The first category of thematic historical mediation consists of recovering and safeguarding stories from historical erasure. Quoting Janice Kulyk Keefer, who writes in her family memoir Honey and Ashes that "Memory [remains] invisible until it becomes a story," Costantino and Egan posit that the auto/biographical text functions like "a museum in which the past can be preserved and explained to present generations" (108). The curator of the museum, so to speak, is the author herself, who selects the forms in which memory is resurrected, contextualized, and preserved. In the act of writing, the writers bring these stories back to life, first as access to a valid identity for themselves, and then as a usable past for a community. Indeed, "auto/biographers 'here and now' stake their claim on collective identity 'then and there'. As they do so, they transform the relevance of their new belonging precisely because of the cargo that they carry" (Costantino and Egan 110).

Kang's and Elliott's texts evince a need to insert these personal stories into the public forum, as the families that could preserve them have been dispersed by the diaspora.10 From the beginning, Kang locates her family story within that of Korea:

This, then, is a story of the Korean diaspora. It is a story of my native place, a rabbit-shaped country we call the Land of Morning Calm. This is also a story about my family and how we lived through the turbulent changes of the twentieth century, and my own journey to America, my adopted home, which began when my great-grandfather Bong-Ho Kang embraced Christianity and set the Kang clan on the road to Westernization.


Similarly, Elliott explains how the funny and tragic stories that "spoke of family continuity, values, and Vietnamese traditions," recounted at informal family gatherings, began to coalesce in her mind into a continuing narrative that "merged into a whole—a tale that reflected, in miniature, the history of Vietnam in the modern era" (xi). Remembering these stories as an adult in America, she [End Page 496]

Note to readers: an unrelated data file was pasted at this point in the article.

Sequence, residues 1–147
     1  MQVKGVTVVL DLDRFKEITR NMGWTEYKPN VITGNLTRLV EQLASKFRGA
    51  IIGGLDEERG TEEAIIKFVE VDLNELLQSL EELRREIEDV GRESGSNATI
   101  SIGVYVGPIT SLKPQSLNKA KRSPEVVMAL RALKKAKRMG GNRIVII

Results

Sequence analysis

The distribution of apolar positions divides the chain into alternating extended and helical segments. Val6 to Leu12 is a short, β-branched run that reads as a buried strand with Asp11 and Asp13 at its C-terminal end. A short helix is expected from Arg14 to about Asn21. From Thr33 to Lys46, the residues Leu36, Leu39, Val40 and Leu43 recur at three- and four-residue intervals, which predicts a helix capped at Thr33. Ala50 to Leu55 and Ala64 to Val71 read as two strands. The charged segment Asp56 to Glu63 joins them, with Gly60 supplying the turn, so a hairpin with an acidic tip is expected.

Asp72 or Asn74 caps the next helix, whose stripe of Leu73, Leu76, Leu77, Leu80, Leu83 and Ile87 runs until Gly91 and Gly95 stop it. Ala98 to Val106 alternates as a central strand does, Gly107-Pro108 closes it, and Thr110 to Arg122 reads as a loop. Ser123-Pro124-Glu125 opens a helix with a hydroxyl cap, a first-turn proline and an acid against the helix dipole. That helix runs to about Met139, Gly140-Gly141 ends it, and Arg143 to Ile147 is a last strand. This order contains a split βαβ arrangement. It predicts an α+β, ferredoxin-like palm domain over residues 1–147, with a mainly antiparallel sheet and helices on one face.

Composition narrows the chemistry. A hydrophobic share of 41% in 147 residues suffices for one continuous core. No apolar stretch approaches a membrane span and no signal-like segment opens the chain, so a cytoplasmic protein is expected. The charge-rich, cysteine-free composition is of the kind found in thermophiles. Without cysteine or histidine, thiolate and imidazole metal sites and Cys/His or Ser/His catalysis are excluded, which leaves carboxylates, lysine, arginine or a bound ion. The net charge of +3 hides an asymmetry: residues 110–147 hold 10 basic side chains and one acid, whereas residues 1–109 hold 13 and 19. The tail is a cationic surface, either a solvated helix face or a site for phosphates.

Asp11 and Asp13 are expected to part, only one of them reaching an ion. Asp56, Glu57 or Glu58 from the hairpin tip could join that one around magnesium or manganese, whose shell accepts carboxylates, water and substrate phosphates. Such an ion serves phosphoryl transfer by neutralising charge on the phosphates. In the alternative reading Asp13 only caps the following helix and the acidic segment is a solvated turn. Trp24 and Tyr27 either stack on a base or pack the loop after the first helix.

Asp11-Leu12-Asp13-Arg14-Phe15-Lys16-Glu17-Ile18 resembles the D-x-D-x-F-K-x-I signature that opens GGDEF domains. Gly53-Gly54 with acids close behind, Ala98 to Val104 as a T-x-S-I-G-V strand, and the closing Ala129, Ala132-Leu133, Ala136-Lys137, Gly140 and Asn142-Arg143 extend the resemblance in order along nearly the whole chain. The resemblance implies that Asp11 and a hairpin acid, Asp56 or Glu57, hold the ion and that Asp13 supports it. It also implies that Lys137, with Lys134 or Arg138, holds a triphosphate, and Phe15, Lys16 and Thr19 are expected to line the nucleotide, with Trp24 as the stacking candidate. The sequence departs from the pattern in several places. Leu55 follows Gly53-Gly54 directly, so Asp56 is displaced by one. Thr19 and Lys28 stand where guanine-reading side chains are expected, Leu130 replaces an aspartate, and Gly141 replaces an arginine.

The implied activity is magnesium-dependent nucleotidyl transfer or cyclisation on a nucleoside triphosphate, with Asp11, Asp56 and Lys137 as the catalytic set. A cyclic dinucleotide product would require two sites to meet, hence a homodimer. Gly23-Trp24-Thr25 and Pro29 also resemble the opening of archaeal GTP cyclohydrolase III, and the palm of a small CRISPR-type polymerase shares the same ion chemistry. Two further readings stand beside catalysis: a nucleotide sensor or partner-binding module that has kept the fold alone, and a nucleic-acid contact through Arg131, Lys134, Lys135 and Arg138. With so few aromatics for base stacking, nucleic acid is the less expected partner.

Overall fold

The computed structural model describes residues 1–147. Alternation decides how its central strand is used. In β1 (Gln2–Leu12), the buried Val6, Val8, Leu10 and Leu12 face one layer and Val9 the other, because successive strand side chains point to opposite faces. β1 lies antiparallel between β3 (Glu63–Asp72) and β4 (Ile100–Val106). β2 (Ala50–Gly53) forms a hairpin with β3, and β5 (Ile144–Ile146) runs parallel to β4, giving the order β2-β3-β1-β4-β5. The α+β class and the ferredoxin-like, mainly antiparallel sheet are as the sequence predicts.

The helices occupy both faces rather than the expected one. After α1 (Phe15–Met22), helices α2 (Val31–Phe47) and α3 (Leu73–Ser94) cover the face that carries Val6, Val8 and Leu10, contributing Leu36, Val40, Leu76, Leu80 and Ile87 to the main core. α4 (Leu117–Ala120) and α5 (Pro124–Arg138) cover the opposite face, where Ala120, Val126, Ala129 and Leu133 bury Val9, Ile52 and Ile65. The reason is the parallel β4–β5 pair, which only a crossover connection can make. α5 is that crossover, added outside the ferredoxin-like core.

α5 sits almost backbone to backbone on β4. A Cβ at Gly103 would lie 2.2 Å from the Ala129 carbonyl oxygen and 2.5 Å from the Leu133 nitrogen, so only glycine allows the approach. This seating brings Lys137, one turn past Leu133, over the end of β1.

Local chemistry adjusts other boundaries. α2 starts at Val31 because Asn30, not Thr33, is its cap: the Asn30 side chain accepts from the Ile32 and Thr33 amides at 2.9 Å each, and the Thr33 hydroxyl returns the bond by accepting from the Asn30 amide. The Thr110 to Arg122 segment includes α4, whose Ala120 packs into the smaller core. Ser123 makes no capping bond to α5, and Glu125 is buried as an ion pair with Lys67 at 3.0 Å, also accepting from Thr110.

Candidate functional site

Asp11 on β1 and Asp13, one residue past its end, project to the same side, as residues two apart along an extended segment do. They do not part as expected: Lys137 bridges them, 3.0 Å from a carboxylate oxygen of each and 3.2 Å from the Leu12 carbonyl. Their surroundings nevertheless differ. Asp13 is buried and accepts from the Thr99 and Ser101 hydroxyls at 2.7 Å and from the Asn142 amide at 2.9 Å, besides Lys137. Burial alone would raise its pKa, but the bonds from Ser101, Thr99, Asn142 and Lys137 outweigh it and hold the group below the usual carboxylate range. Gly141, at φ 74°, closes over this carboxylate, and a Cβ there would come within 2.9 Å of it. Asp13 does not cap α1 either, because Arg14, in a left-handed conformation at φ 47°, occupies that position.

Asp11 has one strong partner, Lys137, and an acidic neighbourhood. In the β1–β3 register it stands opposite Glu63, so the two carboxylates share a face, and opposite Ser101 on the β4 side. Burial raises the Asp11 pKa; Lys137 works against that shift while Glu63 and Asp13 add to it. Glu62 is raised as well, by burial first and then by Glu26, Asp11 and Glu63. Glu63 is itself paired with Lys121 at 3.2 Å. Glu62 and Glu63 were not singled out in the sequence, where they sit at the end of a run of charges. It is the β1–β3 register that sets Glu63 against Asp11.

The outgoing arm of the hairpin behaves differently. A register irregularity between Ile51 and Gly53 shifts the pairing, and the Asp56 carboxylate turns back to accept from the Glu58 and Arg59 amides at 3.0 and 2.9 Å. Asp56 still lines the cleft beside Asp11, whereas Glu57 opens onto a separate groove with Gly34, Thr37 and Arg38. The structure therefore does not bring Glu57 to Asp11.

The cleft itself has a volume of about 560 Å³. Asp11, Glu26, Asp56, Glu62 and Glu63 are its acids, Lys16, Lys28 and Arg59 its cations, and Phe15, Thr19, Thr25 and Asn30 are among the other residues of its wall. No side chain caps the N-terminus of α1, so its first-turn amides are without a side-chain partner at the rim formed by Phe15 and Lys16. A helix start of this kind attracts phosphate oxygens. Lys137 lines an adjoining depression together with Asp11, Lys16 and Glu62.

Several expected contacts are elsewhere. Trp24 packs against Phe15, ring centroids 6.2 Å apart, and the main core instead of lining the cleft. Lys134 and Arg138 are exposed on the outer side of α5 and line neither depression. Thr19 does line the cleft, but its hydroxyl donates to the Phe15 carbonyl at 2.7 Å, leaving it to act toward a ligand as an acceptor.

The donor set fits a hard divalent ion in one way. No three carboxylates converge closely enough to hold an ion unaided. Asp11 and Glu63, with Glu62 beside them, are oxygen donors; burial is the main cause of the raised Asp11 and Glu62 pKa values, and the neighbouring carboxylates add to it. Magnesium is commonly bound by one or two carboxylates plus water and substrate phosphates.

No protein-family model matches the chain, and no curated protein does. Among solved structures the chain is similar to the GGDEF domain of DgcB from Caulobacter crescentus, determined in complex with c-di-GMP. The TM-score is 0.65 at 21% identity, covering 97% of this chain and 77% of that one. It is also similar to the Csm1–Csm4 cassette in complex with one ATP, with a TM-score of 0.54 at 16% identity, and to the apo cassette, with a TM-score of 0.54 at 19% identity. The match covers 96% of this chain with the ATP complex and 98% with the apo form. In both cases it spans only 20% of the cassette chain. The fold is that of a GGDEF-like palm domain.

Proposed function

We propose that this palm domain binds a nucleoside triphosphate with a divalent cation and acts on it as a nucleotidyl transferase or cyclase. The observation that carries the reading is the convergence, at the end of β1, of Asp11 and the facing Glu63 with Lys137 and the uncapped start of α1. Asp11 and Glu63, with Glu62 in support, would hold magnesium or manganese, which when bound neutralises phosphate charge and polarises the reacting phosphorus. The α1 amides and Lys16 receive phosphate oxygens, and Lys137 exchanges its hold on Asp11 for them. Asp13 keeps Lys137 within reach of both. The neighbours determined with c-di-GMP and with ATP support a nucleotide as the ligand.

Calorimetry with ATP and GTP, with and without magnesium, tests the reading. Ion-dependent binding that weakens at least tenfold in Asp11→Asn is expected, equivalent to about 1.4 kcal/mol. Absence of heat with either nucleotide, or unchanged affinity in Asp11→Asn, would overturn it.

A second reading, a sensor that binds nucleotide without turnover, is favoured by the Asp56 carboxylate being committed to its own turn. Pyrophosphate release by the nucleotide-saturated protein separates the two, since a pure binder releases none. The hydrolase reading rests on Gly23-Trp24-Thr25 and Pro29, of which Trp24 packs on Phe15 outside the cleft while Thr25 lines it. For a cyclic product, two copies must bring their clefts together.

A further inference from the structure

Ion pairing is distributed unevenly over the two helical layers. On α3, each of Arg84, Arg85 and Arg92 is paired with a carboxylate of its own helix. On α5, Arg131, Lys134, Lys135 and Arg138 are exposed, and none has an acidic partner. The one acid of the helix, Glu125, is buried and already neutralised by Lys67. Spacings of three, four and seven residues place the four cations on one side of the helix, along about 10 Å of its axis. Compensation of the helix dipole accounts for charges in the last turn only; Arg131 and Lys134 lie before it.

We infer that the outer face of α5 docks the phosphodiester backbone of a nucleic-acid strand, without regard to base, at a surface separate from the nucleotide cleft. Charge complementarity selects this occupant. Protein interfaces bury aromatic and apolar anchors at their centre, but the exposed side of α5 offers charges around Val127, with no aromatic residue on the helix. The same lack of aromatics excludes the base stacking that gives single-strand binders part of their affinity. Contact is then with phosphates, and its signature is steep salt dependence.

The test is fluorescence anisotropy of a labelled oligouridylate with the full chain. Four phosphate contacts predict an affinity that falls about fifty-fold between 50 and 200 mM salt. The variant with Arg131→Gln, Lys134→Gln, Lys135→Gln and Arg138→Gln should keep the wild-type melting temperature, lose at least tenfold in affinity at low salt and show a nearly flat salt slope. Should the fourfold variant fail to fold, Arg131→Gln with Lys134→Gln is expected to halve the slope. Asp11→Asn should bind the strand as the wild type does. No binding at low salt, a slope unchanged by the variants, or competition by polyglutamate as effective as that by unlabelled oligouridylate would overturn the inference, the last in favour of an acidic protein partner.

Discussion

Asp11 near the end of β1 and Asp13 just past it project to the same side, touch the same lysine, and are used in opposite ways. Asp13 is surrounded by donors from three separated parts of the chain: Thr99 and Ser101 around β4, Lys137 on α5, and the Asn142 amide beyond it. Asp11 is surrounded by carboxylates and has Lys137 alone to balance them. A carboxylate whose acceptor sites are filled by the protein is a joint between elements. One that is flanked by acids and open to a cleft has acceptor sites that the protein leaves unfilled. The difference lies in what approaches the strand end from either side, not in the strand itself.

began to see the common threads that ran through the lives of my great-grandfather, grandfather, parents and siblings: the struggle to adapt and survive in the face of upheavals that more than once turned their world upside down, and the attempt to make the right choices for their families, for themselves, and for their country, often in very confusing circumstances. Someday, I told myself, I would write that story.


Both writers then proceed to recount their family histories chronologically, reveling in anecdotal details of many family members. Beginning with their great-grandfathers (although both briefly mention their great-great-grandfathers), they harness family stories to describe the dramatic events in Asia in the last hundred or so years. Kang and Elliott come from educated middle-class families who were, in different ways, influential in their societies. They stress their families' emphasis on education and traditional values, and both texts describe the family crises that arose with the influx of "Western" ideas into Korea and Vietnam. Kang begins by describing her family's placid existence in Boshigol, in the northeastern part of the Korean peninsula, and traces the changes in the family's fortunes: her great-great-grandfather was a peasant who became a country judge in spite of a lack of education; her great-grandfather converted from a life of women and leisure to become a Christian evangelist; her grandfather fought in the Korean resistance against the Japanese and was tortured and imprisoned; her father worked for the United Nations and the US government in Asia.